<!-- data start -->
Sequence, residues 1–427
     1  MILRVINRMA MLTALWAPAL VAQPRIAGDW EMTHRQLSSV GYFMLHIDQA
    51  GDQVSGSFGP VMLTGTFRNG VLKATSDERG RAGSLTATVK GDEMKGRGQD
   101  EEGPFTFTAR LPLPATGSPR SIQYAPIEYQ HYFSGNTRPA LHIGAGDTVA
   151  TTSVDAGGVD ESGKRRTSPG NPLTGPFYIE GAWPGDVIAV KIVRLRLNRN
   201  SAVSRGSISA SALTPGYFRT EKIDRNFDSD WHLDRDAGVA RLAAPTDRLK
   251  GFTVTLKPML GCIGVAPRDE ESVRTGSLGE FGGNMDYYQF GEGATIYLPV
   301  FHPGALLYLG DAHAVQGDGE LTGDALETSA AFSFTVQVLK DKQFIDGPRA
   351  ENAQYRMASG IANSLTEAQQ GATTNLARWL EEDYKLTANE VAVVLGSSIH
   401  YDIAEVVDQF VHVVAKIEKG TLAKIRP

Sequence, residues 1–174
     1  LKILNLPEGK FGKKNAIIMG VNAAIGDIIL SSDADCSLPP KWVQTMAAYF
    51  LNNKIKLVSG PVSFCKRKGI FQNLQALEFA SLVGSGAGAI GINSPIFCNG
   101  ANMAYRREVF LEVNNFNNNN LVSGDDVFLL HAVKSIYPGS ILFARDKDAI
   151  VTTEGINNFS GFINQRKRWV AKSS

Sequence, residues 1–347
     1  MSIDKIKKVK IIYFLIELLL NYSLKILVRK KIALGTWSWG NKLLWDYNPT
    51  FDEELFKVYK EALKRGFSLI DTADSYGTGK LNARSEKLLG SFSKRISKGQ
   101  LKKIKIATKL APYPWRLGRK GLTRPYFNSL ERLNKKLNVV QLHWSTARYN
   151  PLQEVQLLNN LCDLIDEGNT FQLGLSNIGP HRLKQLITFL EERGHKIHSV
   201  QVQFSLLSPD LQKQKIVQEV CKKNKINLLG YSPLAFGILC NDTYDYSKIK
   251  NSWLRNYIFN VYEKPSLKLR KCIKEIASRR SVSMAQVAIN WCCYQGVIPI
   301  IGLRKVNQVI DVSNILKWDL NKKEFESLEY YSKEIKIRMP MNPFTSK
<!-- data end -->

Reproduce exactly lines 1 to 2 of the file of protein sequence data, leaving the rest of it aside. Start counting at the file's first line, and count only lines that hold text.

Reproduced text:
Sequence, residues 1–427
     1  MILRVINRMA MLTALWAPAL VAQPRIAGDW EMTHRQLSSV GYFMLHIDQA